Khanmigo currently has filters that prevent it from making any comments about issues that happened after the death of the historical person. This presents some challenges as our society has progressed in part due to the action of Harriet Tubman and many others, is part of our history and events since an individual’s death that is in part due to the activities of that person need to be included in the LLM material.

Another potential issue of concern with this specific Khanmigo LLM is that it asked students questions about their personal struggles. Perhaps, this should make kids feel they are talking to a real person who cares about them, even though it is entirely unclear whether a real Harriett Tubman would have asked such a question back in her days. Even more importantly, why would we want kids in school to share their personal struggles with an AI chatbot? What role does this play in understanding history? And most troubling is that the AI chatbot is acquiring information from a child. What happens to this information and who owns it should concern anyone who values privacy.

There have been past attempts to bring historical figures to life. One such attempt was the PBS series Meeting of Minds by Steven Allen between 1977 and 1981. The actors tried to stay as close as possible to what the historical figures said. A lot of work went into the scripts. Each episode had historical consultants to ensure that the script was accurate. The series was well done and received multiple awards. The scripts were made available for educational purposes, and the episodes were released on audiocassette (the technology of the time).

What ChatGPT, at least for now, provides is at a much lower intellectual level than the Meeting of Minds series. Watching poorly done reenactments or asking ChatGPT to generate what it believes is a historically accurate portrayal of a historical fact sounds, in many ways, equally bad. But even well-done reenactments do not replace serious learning.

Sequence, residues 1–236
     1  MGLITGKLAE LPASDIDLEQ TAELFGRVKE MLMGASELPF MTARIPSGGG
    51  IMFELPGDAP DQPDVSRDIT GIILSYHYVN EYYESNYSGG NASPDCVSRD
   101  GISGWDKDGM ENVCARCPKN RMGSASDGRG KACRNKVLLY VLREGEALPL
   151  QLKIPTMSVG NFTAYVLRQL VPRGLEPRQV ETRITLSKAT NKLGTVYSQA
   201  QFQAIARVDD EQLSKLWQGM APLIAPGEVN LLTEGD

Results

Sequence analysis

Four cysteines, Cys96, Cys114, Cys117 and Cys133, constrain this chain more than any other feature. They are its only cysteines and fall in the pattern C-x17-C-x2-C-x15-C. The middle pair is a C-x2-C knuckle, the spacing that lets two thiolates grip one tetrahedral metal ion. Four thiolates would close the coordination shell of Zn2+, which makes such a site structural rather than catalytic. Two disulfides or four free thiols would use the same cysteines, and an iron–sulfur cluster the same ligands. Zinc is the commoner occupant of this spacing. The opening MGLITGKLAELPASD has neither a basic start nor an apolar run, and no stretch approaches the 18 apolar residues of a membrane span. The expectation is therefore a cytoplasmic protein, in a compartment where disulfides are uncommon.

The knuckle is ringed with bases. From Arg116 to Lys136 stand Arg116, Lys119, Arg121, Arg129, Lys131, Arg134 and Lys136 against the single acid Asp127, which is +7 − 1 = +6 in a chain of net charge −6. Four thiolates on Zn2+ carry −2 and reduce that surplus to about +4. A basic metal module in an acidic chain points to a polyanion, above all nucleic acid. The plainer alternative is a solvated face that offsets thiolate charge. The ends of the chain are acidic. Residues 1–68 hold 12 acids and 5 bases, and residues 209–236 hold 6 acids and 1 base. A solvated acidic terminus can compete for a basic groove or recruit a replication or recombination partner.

Instead of having kids ask a chatbot to pretend to be historical figures and field questions, we should want them to experience original texts. The Library of Congress, the largest library in the world, is a national treasure with millions of records in its collection. It “preserves and provides access to a rich, diverse, and enduring source of knowledge to inform, inspire, and engage you in your intellectual and creative endeavors.” The Library of Congress has a resource guide for Harriet Tubman (and many other historical figures). The resources can be overwhelming, but teachers can find a lesson plan to get students started, and students can explore other resources on their own.

As recent political fights have shown, we can’t make up our minds about what texts to use to educate our children or what should be included in those texts. Why would we think ChatGPT or other LLMs will be any different? We need to make sure that we use serious, accurate, and factual resources in the classroom to educate our children. They need to learn how to interact with original resources and how to find resources to answer their questions so that they learn how to evaluate, analyze, and synthesize source materials and gain an appreciation of the vast number of historical resources available to us to understand the people of the past. And before we let ChatGPT loose for use in education, we need to demand a high level of accuracy. But the race is on, and whether we have the patience or insight as an educational community to make sure ChatGPT is accurate, unbiased, and up-to-date and privacy concerns are addressed is not clear. Will we repeat the mistakes of the social media world or be more cautious in our implementation of AI? Only time will tell.